News Department

Legislation aimed at improving street, traffic safety advances

NEW JERSEY – The Senate Transportation Committee advanced legislation sponsored by Senators Patrick Diegnan and Raj Mukherji, S-361, which would establish the “New Jersey Target Zero Commission”.

With the goal of eliminating all traffic fatalities and serious injuries by 2040, the Commission would study and review all aspects of roadway safety to create an action plan with a focus on ensuring access, equity, and mobility for all road users, including pedestrians, cyclists, and motorists.

“With an increase in reckless driving and traffic fatalities following the pandemic, too many families are experiencing devastating, tragic losses that highlight the need for action,” said Diegnan (D-Middlesex), who is also the Chair of the Senate Transportation Committee. “This will create a clear, comprehensive plan for State and local governments to save lives and protect our communities.”

Traffic violence across the nation has surged, and New Jersey is no exception. In 2022, New Jersey traffic deaths reached 706, a 15-year high. In 2021, both pedestrian and cyclist deaths hit 30-year highs, at 220 and 26, respectively. Nationwide, the number of pedestrian fatalities increased by 46% between 2010 and 2019, while 2021 saw the highest number of traffic deaths in 16 years at 42,939.

“Roadway injuries and deaths can be drastically reduced, as demonstrated by Hoboken, which has gone seven consecutive years without a traffic-related death thanks to their effective implementation of Vision Zero,” said Mukherji (D-Hudson), who is also the Vice Chair of the Senate Transportation Committee. “Developing a comprehensive action plan to end all traffic fatalities and making our transportation infrastructure pedestrian and cyclist-friendly will save lives.”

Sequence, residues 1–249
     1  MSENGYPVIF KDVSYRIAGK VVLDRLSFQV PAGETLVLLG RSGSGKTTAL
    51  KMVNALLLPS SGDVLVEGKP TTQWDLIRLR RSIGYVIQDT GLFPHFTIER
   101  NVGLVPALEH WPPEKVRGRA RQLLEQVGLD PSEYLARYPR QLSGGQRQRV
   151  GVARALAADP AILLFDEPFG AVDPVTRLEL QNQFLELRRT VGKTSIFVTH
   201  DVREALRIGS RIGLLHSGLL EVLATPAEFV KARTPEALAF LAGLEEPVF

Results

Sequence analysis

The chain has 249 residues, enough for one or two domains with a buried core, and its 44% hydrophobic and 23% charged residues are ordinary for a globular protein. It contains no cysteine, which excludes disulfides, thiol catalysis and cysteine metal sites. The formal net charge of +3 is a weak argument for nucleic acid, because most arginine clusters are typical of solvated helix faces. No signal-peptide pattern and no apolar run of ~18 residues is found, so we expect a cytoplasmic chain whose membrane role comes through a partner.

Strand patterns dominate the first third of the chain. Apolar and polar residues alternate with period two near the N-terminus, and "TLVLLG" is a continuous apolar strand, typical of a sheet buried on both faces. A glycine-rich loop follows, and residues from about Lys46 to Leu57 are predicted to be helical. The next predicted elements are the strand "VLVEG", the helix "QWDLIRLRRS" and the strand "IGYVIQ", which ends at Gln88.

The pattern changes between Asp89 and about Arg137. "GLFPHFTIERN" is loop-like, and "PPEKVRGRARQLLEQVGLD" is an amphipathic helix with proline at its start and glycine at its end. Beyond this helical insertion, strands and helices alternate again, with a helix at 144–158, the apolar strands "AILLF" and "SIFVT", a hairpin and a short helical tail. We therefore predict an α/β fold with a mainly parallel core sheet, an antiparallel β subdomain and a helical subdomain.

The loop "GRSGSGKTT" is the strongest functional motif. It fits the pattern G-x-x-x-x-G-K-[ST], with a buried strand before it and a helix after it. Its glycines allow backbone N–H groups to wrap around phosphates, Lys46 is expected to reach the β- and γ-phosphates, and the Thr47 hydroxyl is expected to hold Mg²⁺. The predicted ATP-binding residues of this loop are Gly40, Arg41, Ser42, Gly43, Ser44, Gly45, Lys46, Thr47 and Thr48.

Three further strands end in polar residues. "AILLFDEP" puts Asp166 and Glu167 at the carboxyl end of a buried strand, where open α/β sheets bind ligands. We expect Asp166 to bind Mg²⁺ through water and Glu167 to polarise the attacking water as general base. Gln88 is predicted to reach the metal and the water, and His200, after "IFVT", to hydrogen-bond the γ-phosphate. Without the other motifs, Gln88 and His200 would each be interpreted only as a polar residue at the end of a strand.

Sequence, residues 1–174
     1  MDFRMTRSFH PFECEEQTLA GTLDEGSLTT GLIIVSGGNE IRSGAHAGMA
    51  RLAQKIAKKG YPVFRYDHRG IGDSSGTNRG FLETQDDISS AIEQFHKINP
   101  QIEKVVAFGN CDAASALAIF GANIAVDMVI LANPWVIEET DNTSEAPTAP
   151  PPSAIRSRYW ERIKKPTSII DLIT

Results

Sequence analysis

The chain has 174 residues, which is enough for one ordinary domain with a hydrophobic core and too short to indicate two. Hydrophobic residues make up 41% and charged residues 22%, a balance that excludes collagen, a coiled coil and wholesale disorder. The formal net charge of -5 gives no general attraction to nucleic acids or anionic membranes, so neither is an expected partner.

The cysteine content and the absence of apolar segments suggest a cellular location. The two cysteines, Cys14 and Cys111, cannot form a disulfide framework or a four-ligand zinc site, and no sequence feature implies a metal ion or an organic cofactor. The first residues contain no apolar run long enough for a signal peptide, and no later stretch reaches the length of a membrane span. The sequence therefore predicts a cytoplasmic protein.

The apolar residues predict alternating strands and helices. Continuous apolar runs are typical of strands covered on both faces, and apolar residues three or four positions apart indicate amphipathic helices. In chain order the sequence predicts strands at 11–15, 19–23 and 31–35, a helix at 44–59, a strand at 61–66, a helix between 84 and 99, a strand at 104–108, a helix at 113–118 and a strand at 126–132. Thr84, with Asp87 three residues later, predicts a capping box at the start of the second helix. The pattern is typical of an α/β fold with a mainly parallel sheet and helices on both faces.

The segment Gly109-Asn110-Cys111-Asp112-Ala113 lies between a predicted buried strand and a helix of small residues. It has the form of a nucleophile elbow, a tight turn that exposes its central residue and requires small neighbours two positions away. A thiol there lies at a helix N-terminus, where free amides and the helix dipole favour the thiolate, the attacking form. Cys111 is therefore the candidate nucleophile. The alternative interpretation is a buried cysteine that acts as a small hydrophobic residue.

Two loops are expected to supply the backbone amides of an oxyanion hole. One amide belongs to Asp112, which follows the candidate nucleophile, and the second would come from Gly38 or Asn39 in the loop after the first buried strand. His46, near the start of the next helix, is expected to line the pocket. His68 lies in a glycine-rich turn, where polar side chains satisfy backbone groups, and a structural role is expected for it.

Though the pandemic contributed to a large increase in traffic fatalities, increased deaths among pedestrians and cyclists represent a continuing trend over the past decade that highlights a need for changes in how streets are designed and how transportation is envisioned.

The Commission would, among other purposes, be required to encourage the elimination of road hazards by advancing active transportation and mass transit as safe and viable forms of transportation across the state. Building on the success and lessons learned in communities across the state, the Commission would create a comprehensive plan identifying actionable, evidence-based safety countermeasures.

The bill was advanced in a unanimous vote.

Jay Edwards

Born and raised in Northwest NJ, Jay has a degree in Communications and has had a life-long interest in local radio and various styles of music. Jay has held numerous jobs over the years such as stunt car driver, bartender, voice-over artist, traffic reporter (award winning), NY Yankee maintenance crewmember and peanut farm worker. His hobbies include mountain climbing, snowmobiling, cooking, performing stand-up comedy and he is an avid squirrel watcher. Jay has been a guest on America’s Morning Headquarters,program on The Weather Channel, and was interviewed by Sam Champion.

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